Ibrahim, her husband and their two children are now in a protected government house, he said. It is unclear how long Ibrahim will stay in Rome before flying on to the United States, he said, adding that it had to do with passport procedures.

CNN has not yet been able to reach the U.S. Embassy or the Sudanese Foreign Ministry for comment.

Persecution claim

Ibrahim's ordeal began when one of her relatives, a Muslim, filed a criminal complaint saying her family was shocked to find out she had married Wani, a Christian, after she was missing for several years.

A Sudanese court considered Ibrahim a Muslim because her father was Muslim. She was charged with adultery, because a Muslim woman's marriage to a Christian man is illegal in Sudan. She was also charged with apostasy, accused of illegally renouncing what was alleged to be her original faith.

She insists she has never been a Muslim -- and says she was persecuted as a Christian while in prison.

Convicted when she was about eight months pregnant, she gave birth two weeks later while shackled.

On Monday, a Sudanese Islamic jihadi group which has previously claimed an attack on a Sudanese journalist released a statement threatening Ibrahim.

The group vowed to carry out what it said was the justified death sentence against Ibrahim that was repealed by a higher court.

Amid this threatening environment, Daniel Wani told CNN that his family had reported seeing unknown people outside their old residence in Khartoum. Their numbers had been increasing over the past few days, he said.

READ: Sudanese Christian woman: 'There's a new problem every day'

READ: Exclusive: Sudan apostasy woman's 'brother' says she should repent or die

READ: Why marrying for love should never mean death

CNN's Hada Messia reported from Rome and Nima Elbagir from Khartoum, while Laura Smith-Spark wrote in London.

‘Scammers’ won’t leave Airbnb house

  • Airbnb guests at a California condo have refused to leave
  • The now-unwanted guests have tenant rights under California law
  • Condo owner's initial appeals to Airbnb met with no success
  • Owner has since hired lawyer and received assistance from Airbnb

(CNN) -- If the old saw about houseguests being like fish is true -- after a few days they begin to stink -- imagine what it must smell like in poor Cory Tschogl's 600-square-foot condo in Palm Springs, California.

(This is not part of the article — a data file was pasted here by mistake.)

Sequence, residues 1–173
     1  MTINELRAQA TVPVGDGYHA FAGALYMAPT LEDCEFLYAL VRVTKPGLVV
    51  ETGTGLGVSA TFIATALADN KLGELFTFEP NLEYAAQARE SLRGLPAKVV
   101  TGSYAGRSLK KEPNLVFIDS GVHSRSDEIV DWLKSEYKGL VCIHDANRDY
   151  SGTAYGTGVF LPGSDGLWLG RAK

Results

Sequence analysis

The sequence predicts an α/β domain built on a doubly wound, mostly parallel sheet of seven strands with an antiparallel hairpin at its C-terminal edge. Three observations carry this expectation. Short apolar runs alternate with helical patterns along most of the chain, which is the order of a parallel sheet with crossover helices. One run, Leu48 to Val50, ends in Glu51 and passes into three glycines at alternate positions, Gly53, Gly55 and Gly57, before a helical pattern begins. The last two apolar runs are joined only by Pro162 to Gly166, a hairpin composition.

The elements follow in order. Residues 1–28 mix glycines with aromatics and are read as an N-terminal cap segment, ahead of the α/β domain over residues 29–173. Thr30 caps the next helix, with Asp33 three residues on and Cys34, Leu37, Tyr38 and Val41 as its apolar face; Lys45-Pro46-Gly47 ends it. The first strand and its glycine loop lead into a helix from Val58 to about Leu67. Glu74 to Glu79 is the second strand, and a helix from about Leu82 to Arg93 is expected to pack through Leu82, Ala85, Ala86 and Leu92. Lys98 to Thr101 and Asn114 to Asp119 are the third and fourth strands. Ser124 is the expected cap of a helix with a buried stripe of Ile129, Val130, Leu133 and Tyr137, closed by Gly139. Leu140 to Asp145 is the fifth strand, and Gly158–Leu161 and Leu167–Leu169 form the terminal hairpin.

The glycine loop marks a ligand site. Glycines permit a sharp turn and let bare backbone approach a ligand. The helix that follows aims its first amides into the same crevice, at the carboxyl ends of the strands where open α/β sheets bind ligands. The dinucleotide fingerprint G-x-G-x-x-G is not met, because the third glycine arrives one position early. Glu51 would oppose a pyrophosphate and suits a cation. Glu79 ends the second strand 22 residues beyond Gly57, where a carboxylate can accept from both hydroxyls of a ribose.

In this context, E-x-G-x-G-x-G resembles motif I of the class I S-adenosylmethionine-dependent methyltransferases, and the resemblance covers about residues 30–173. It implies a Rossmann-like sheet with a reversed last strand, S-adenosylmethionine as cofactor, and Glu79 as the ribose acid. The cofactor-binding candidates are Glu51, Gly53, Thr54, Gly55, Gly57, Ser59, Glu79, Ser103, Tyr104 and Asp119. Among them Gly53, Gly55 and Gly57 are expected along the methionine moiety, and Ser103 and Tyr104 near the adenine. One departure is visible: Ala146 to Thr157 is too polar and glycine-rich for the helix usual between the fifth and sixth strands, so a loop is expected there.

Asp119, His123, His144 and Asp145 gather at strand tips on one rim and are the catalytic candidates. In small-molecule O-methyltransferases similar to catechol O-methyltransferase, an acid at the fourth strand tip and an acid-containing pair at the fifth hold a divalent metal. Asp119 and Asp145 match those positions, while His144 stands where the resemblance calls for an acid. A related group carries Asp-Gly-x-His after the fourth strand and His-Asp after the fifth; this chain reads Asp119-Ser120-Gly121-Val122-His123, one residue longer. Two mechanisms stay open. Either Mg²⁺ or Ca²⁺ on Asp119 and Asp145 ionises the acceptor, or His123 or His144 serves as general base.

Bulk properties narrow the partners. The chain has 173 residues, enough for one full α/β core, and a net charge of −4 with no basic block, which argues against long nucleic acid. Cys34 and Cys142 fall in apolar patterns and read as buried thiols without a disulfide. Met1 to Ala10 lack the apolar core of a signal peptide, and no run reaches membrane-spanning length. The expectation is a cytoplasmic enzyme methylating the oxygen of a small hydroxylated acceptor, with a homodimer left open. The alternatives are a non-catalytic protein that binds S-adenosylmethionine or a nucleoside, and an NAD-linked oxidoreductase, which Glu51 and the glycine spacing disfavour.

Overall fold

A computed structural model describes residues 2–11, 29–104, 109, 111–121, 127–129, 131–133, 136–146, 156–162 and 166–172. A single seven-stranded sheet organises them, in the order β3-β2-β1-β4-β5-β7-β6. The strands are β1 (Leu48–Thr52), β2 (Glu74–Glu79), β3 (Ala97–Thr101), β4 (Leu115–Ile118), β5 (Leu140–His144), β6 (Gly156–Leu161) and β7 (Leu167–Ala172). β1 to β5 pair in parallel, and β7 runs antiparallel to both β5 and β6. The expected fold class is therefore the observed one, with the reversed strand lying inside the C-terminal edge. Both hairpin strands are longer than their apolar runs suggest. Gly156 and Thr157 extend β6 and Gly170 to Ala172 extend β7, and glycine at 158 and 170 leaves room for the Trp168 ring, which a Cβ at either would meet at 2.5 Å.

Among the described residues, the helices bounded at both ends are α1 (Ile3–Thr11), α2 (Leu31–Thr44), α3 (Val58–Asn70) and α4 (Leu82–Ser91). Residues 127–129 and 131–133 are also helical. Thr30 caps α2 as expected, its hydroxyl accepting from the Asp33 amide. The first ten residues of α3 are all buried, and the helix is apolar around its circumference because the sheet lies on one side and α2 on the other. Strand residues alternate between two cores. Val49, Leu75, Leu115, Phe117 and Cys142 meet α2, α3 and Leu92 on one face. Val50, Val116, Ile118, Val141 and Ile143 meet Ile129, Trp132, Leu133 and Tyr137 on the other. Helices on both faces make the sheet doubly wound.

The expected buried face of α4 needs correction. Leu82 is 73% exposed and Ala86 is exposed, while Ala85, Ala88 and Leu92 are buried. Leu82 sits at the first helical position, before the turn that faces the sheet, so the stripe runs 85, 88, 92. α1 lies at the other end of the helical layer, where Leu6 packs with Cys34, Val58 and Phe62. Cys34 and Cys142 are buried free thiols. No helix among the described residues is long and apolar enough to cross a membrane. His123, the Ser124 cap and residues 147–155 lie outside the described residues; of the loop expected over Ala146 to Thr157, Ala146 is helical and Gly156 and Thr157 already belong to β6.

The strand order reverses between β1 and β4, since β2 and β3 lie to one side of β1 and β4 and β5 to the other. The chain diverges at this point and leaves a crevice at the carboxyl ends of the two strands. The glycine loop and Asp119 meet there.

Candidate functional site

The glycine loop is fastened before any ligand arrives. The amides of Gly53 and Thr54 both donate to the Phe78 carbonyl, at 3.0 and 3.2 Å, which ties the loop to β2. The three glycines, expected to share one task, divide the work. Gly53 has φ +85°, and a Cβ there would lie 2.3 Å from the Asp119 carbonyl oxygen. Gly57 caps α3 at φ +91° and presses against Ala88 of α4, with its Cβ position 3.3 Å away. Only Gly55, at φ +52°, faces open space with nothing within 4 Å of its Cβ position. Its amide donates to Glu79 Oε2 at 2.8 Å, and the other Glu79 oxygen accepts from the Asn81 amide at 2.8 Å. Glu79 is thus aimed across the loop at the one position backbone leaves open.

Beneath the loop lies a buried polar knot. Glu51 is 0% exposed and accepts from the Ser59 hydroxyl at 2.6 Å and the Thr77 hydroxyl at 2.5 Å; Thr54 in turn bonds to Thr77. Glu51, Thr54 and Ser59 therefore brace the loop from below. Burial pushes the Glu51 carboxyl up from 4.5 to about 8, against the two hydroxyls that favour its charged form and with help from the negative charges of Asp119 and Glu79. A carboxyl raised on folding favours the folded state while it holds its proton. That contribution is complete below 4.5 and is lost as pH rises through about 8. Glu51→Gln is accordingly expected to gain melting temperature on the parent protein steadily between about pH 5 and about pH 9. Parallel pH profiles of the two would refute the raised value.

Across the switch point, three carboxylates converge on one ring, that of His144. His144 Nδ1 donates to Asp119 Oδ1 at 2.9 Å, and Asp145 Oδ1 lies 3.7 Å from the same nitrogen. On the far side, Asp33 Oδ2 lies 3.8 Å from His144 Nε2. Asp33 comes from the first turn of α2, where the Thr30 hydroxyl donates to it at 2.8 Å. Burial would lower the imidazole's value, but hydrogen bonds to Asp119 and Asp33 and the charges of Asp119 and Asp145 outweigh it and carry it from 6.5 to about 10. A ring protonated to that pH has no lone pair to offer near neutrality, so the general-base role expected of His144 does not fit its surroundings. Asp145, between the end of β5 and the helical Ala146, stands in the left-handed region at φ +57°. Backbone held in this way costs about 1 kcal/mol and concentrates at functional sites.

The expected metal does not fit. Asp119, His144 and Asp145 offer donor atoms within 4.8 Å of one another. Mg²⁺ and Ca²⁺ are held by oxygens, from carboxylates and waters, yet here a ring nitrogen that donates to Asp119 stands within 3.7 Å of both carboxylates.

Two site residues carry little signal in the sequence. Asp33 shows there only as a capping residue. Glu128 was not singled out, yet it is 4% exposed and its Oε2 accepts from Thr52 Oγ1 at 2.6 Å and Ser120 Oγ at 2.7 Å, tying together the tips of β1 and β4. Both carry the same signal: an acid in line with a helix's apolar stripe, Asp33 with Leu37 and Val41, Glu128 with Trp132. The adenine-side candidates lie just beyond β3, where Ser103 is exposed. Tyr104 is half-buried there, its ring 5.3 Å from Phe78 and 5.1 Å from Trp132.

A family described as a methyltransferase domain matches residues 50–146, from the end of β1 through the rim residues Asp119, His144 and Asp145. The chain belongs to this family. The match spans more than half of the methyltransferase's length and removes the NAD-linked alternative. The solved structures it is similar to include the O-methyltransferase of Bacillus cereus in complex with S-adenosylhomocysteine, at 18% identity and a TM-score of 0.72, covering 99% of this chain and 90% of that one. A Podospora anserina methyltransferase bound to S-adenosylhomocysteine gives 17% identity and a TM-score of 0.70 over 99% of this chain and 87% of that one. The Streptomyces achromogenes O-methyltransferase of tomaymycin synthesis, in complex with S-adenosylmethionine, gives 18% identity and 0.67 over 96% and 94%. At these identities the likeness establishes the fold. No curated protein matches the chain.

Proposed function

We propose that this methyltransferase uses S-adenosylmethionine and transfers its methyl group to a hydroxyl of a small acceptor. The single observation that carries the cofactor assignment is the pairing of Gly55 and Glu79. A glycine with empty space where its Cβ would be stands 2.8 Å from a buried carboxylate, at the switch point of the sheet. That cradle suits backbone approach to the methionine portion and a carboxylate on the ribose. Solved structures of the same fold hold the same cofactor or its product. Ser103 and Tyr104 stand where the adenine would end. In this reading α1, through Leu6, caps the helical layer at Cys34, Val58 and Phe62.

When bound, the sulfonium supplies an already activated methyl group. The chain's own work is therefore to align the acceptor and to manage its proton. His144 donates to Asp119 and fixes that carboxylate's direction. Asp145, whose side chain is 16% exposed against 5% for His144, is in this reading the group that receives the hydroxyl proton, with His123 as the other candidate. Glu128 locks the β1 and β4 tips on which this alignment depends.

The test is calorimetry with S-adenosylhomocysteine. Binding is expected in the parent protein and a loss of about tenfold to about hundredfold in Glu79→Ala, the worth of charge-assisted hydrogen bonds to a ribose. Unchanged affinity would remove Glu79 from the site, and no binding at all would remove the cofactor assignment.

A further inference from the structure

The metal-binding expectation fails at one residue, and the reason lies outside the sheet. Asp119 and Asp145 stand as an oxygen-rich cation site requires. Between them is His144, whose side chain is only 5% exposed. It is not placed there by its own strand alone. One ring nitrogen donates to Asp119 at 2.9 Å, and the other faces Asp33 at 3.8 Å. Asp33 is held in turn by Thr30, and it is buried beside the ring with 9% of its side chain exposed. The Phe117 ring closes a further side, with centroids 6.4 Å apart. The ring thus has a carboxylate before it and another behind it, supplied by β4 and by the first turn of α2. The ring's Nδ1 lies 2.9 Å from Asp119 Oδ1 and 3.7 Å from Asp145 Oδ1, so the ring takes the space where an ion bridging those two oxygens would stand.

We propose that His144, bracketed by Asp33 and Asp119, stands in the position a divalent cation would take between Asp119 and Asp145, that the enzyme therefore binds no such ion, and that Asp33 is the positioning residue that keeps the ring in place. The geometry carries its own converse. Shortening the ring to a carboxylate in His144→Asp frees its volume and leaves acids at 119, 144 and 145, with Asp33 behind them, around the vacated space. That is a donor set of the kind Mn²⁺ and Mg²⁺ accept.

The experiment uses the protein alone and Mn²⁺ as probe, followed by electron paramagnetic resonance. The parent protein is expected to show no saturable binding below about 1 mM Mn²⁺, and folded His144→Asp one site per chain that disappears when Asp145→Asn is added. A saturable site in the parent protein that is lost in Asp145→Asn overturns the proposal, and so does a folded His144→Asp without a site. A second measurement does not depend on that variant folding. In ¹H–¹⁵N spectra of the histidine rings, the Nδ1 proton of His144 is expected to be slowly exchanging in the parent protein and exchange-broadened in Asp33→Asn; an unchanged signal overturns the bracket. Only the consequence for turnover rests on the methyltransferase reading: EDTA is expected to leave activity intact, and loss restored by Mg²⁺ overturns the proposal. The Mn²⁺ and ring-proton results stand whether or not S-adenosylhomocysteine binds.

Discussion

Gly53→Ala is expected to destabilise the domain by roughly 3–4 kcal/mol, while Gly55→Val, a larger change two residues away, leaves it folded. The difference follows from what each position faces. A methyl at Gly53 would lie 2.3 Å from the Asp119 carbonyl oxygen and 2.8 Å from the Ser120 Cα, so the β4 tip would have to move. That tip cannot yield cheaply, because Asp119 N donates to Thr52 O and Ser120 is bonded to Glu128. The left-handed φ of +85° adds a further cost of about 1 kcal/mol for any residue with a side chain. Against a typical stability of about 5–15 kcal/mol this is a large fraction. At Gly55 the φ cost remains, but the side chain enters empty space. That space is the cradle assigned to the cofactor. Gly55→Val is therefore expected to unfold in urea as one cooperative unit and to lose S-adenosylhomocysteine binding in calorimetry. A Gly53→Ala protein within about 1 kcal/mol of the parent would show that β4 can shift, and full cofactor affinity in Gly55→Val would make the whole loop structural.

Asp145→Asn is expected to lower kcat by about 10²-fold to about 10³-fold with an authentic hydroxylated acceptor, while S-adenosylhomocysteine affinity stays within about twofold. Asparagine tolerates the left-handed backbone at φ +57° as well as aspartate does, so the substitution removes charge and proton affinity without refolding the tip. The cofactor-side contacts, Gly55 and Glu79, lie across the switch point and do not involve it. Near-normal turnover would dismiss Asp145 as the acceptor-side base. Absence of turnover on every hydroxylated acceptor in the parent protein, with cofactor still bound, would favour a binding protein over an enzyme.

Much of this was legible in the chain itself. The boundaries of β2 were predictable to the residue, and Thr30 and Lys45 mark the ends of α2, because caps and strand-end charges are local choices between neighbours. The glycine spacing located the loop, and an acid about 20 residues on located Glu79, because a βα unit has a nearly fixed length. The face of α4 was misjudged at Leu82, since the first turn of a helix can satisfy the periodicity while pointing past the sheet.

Tschogl entered into an agreement through the popular Internet site Airbnb to host a man and his brother for a 44-day period from May 25 through July 8. (Airbnb connects travelers looking for low-cost accommodations with locals who in turn rent them rooms in their homes.)

The man, identified in various reports as Maksym Pashanin and whose Airbnb "verified ID" says he's from Austin, Texas, paid for the first 30 days in advance.

He and his brother moved in, but after 30 days they refused to pay out the balance of their account.

What's more, upon the July end of their rental agreement, they simply refused to leave the condo.

MORE: Pushy guests and porn: Confessions of an Airbnb hostess

Squatters protected under California law

So, if unwanted strangers won't leave, just call authorities and have them booted out, right?

That's where Tschogl's nightmare really begins.

In California, renters who occupy a property for more than 30 consecutive days are considered full-time tenants on a month-to-month lease with rights to occupancy protected under the state's tenant law.

Palm Springs is a popular desert vacation destination. (Condo in dispute not pictured.)
Palm Springs is a popular desert vacation destination. (Condo in dispute not pictured.)

To persuade Pashanin and his brother to leave once the Airbnb reservation contract had expired, Tschogl informed him that she intended to cut off the condo's electricity.

"The guest texted back saying he was legally occupying the condo and that loss of electricity would threaten the work he does at home that brings in $1,000 to $7,000 a day," reported the San Francisco Chronicle.

Pashanin reportedly works as a video game developer. Tschogl says her electricity bills have tripled or even quadrupled since the men moved in.

"The texts threatened to press charges for 'blackmail and damages caused by your negligence and malicious misconduct, including $3,800 PID Espresso machine as well as medical bills for my brother's hospital visit after he got sick here drinking unfiltered tap water,'" reported the Chronicle.